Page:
Within this artwork, Dalí laid bare his inner fears, personal anxieties, and constant obsessions. The Great Masturbator is an influential Surrealist artwork, as it represented the escape-of-reality idea that was present in the majority of Dalí’s works. This paranoiac depiction demonstrated the central characteristics that were seen within other Surreal artworks, with Dalí existing as an important leader of the movement.
The Treachery of Images – René Magritte (1929)
|Artist||René Magritte (1898 – 1967)|
|Medium||Oil on canvas|
|Dimensions||60.3 cm x 81.1 cm (23.7 in x 31.9 in)|
|Where it is currently housed||Los Angeles County Museum of Art|
Another significant artist that helped propel the Surrealist movement along was Belgian artist René Magritte. His explorations within Surrealism were strongly influenced by the post-war atmosphere that had gripped society, structuralist language theories, and the supposed gap that existed between language and meaning. One of Magritte’s most well-known works, painted in 1929, was The Treachery of Images.
Within this painting, a simple image of a pipe is shown, along with a French statement that translates to “This is not a pipe.” The contrast that is created by Magritte demonstrated his idea of the inconsistency between language and meaning, as a difference between signifier and signified object is displayed.
Graffiti of Magritte’s Ceci n’est pas une pipe in Bucharest; bixentro, CC BY 2.0, via Wikimedia Commons
This humorous painting depicted the discord that was apparent amongst language and meaning in post-World War One society, as Magritte stated that words no longer represented what they truly meant. Due to the disharmony as a result of the war, Surrealists were free to explore the deconstruction of language, with Magritte’s Surrealism paintings triggering shocking thoughts in viewers.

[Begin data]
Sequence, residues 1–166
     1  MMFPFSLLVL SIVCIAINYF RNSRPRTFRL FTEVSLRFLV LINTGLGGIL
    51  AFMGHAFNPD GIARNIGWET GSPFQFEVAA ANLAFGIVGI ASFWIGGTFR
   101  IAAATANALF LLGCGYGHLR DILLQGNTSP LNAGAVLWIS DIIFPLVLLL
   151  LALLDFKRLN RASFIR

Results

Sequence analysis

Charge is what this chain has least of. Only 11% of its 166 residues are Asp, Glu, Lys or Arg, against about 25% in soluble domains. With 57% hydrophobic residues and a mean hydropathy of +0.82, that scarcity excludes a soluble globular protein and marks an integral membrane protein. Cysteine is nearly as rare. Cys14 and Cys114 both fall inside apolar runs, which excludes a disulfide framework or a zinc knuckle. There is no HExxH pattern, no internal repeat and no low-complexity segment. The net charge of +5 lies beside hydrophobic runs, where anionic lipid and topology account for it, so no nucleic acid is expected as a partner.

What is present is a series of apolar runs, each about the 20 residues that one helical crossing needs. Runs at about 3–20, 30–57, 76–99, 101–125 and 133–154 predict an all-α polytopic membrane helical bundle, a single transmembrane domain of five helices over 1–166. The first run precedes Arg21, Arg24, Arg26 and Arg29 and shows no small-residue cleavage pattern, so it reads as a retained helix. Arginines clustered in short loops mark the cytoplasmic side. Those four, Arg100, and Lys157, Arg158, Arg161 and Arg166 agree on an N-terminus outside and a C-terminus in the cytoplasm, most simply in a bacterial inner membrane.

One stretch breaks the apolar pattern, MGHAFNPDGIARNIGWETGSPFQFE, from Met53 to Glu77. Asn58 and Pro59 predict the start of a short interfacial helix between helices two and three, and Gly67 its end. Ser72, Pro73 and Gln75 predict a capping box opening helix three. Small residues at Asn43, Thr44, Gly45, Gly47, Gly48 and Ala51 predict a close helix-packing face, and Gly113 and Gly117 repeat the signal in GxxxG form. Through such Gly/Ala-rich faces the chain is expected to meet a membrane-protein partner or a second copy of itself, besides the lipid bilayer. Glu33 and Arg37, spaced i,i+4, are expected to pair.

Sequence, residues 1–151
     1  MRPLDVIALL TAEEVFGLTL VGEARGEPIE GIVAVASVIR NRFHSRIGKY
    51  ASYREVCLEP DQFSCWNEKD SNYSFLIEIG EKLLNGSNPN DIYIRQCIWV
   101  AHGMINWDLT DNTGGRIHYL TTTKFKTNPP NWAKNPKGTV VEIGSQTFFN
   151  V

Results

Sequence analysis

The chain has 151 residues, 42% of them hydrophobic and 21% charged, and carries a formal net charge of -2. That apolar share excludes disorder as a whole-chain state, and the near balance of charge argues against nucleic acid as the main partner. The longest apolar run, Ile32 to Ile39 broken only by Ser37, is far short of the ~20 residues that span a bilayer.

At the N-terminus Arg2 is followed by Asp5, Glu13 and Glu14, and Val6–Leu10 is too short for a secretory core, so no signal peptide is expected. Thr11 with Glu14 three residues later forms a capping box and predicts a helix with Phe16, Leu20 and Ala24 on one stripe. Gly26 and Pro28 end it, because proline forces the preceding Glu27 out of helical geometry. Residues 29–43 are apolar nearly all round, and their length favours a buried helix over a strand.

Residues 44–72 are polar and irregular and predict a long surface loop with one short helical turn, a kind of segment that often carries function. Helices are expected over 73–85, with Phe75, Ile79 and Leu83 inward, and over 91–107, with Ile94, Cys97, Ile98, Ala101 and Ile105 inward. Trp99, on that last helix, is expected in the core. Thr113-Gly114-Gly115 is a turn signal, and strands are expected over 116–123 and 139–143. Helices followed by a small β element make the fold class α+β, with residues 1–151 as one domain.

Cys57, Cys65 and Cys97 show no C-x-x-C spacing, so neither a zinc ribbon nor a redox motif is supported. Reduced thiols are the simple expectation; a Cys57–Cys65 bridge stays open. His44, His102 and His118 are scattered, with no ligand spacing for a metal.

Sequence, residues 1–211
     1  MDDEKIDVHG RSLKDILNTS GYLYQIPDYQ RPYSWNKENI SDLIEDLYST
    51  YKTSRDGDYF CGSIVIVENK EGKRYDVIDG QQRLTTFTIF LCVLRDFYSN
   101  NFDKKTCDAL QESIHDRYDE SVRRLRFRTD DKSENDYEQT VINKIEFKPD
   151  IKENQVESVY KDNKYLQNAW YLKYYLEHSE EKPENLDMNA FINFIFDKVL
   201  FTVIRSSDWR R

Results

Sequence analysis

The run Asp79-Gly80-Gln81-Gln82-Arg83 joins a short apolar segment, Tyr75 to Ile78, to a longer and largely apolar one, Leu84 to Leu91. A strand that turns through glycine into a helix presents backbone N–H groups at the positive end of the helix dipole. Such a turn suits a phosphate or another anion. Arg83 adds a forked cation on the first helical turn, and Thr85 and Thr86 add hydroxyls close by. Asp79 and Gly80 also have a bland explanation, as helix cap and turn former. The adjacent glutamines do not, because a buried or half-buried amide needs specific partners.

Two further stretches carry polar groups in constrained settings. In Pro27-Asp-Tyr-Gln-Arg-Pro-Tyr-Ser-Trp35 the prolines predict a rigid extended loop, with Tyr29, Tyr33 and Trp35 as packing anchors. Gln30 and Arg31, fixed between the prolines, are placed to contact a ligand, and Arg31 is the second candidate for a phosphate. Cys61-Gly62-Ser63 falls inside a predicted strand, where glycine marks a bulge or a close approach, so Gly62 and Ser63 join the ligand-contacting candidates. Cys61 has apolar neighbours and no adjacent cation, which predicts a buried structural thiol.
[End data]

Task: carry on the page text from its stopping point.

The Treachery of Images highlighted Magritte’s belief that art was not reality, but a simple representation of it. Thus, the statement within this artwork rang true, as it was not a pipe that viewers were looking at but rather a picture of the real thing. In doing so, Magritte created a three-way paradox out of the traditional notion that objects were supposed to match with words and images.
Like other artists within the Surrealist movement, Magritte sought to overturn the presence of rationalization and logic within art, which was impressed upon artists by bourgeois society. Surrealism allowed Magritte to remove the original meaning of signs and symbols, which inspired many artists to do the same. Additionally, Magritte’s works were seen as an influential starting point within Conceptualism.
Magritte frequently made use of methods that cast doubt on the actual appearance of his artworks, as they did not seem to fit into the painting or reality itself.
The tension that Magritte created between truth and fiction, as well as reality and surrealism, was expertly displayed within his works. This allowed The Treachery of Images, along with his other Surreal paintings, to become some of the most iconic Surrealist artworks to ever exist.
The Persistence of Memory – Salvador Dalí (1931)
|Artist||Salvador Dalí (1904 – 1989)|
|Medium||Oil on canvas|
|Dimensions||24 cm x 33 cm (9.5 in x 13 in)|
|Where it is currently housed||The Museum of Modern Art, New York|
Another significant artwork that was painted by Salvador Dalí during the Surrealism movement was his 1931 painting, The Persistence of Memory. Additionally, this artwork is undoubtedly one of the most famous Surrealist paintings from the movement as a whole.
Within The Persistence of Memory, Dalí paid homage to the concept of time through the melting clocks that he depicted. These clocks were said to reflect the inner workings of Dalí’s subconscious mind, in addition to conveying both the simple yet complex message that time, as society perceived, was essentially meaningless.
Within this abstract and dreamlike scene, the dripping clocks are portrayed as the central motif, which is depicted against the golden cliffs of Catalonia, where Dalí was born. The inclusion of the giant nose, upon which a clock is melting, makes reference to Dalí’s previous painting, The Great Masturbator (1929).
Through integrating this figure into both of his artworks, which was thought to be a type of self-reference, Dalí demonstrated his obsessive nature that was apparent in his Surreal paintings.